4 ways recruiters can assist in job negotiations
Published on: Oct 24, 2017
Physicians spend years learning and training to become highly skilled medical experts, but they may not be prepared to negotiate an employment contract. Throughout the hiring process, recruiters can guide candidates, explain opaque contract language and set expectations for all parties.
Here are four ways recruiters can help candidates during job negotiations:
1. Knowing how physician specialties are valued in the market
Recruiters are in the unique position of understanding how different specialties are valued in the marketplace. This is especially true for scenarios where an established physician looks for work in another city or state. Compensation can vary greatly depending on the cost-of-living for a given region and employment saturation, as well as the policies of individual groups.
Though physician job seekers should perform their own due diligence by researching and comparing potential employers, they lack the resources and experience that recruiters have to offer. During job negotiations, recruiters can educate candidates on what fair compensation looks like for their specialty and geographic region.
2. Becoming a living resume for recruits
A CV is a valuable tool in any job search, but recruiting physicians takes more time and information than many other types of careers. Recruiters should strive to learn as much as they can about the candidates they select, then leverage that knowledge during negotiations.
During the initial screening process, recruiters and candidates need to have an open dialogue as they form a strategy for the first round of employer interviews.
3. Understanding contract language
Physicians are highly educated individuals, but their expertise often doesn't extend to the legal arena. High-level physicians may hire an attorney to go over employment contracts before agreeing to anything, but recruiters can play a role here as well.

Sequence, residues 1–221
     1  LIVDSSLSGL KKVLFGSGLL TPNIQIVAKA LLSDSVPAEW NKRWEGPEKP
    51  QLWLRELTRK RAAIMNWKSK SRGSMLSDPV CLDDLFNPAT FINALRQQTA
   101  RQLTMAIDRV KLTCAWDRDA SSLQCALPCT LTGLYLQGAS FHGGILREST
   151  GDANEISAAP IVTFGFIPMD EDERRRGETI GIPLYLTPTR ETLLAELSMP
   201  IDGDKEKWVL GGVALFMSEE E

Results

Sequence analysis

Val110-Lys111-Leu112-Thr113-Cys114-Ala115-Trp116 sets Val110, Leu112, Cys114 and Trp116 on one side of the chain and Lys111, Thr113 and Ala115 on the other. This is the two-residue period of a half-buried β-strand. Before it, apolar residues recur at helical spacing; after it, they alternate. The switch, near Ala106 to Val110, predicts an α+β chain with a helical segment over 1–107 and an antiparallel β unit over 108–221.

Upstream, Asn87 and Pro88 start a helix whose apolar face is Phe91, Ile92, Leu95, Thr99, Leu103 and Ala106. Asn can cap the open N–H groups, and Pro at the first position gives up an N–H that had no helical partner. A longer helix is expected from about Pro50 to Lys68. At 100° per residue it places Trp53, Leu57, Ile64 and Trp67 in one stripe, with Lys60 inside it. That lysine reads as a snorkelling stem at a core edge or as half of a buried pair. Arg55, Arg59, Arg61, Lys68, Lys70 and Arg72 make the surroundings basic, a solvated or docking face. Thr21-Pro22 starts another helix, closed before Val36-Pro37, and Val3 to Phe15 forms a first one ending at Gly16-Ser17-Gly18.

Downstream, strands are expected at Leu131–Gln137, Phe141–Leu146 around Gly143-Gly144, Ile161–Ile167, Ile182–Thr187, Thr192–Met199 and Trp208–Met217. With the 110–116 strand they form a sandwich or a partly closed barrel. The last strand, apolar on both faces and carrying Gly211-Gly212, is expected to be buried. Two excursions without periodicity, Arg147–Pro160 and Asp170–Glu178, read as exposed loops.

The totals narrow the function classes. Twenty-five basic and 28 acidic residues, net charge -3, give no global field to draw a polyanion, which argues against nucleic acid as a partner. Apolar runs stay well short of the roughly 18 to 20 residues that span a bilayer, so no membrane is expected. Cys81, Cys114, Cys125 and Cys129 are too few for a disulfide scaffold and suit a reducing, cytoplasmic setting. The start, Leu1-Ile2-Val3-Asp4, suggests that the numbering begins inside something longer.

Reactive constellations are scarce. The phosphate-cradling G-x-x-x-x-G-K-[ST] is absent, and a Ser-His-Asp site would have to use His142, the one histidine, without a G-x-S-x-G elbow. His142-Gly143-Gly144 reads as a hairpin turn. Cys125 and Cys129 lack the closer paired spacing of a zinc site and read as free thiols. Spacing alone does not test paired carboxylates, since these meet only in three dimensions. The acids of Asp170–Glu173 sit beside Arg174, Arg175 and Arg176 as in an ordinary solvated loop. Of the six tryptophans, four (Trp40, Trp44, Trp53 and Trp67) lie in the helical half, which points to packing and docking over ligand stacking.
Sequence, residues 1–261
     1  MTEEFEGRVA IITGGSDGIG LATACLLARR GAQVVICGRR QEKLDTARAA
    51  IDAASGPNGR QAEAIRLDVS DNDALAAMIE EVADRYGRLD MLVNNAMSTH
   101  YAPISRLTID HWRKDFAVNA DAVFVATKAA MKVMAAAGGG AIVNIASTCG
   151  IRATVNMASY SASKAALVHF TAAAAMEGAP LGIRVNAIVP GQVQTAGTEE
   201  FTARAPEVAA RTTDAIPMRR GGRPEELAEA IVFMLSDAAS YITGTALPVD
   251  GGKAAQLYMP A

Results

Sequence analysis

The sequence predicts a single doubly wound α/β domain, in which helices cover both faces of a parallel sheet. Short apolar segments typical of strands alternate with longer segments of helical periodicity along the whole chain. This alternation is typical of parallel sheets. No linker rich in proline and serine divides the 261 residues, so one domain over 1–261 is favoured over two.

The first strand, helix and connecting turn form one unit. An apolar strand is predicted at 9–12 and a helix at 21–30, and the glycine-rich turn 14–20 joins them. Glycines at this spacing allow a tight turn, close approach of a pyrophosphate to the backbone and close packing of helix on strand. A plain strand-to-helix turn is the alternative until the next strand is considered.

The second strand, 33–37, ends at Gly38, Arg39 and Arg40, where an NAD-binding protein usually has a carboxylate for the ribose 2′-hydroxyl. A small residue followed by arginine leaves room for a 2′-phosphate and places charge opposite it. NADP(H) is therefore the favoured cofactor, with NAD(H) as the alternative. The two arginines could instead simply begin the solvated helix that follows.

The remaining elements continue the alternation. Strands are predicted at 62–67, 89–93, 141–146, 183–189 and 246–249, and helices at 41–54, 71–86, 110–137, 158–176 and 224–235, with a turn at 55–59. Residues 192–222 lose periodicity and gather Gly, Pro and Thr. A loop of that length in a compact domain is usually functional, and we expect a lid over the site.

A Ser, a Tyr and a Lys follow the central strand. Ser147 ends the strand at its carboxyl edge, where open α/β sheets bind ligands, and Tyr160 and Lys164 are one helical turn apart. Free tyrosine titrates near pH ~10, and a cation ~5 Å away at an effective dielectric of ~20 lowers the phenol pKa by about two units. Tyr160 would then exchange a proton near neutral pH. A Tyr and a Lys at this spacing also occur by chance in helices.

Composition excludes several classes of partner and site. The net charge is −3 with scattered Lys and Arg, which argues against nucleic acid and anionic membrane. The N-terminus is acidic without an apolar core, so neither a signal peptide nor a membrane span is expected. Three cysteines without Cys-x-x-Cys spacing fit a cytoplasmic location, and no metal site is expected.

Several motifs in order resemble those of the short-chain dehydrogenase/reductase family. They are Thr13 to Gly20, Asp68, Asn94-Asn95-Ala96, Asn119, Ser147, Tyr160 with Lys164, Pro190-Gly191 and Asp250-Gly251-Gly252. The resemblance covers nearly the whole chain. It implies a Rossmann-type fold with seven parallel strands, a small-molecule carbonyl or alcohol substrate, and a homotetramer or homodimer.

For example, recruiters can request a letter of intent from employers which outlines how the candidate will be compensated if they get the job. Physician recruiter Bo Clayton noted that letters of intent are non-legally binding, but are often easier to understand because they use less legal jargon. This helps everyone understand what's at stake.
4. Setting expectations for both parties
There's room for misinterpretation in any negotiation, and it's up to the recruiter to make sure candidates and employers clearly understand one another. Throughout the screening process, recruiters should be upfront and honest about job duties, compensation and other benefits. When interviews begin, recruiters can stress which aspects of the job are most important to candidates and set reasonable boundaries.
Now that you're more prepared to provide holistic guidance to your healthcare job seekers, find your ideal candidate by posting your next listing at myHealthTalent.com today. Physicians spend years learning and training to become highly skilled medical experts, but they may not be prepared to negotiate an employment contract.